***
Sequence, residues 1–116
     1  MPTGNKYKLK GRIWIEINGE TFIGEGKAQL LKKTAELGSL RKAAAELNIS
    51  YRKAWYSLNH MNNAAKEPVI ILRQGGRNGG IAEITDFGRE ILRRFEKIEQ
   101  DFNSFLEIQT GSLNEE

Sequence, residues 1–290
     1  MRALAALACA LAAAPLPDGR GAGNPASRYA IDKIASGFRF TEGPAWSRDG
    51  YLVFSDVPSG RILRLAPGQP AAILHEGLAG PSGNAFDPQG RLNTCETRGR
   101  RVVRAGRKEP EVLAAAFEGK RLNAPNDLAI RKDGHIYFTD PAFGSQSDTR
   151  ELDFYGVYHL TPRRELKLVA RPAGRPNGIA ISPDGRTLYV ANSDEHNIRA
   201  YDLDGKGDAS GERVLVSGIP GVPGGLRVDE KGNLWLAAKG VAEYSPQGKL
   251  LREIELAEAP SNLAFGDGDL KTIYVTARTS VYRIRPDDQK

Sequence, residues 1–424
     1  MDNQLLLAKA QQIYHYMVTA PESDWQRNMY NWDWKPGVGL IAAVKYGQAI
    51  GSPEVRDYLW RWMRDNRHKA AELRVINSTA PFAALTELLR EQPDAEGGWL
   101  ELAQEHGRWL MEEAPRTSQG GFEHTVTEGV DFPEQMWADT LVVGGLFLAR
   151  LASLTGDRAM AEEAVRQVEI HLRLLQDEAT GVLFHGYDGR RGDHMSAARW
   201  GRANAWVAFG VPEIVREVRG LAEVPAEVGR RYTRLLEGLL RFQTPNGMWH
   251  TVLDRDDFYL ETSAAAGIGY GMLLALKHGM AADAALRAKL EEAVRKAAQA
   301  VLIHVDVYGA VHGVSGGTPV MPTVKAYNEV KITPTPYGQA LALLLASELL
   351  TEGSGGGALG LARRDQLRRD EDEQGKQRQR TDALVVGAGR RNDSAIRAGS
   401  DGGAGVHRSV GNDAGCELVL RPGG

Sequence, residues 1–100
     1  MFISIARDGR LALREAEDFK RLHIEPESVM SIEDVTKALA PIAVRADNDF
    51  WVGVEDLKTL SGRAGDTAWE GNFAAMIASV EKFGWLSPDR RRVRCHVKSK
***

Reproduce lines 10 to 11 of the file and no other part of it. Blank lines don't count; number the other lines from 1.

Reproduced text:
   201  YDLDGKGDAS GERVLVSGIP GVPGGLRVDE KGNLWLAAKG VAEYSPQGKL
   251  LREIELAEAP SNLAFGDGDL KTIYVTARTS VYRIRPDDQK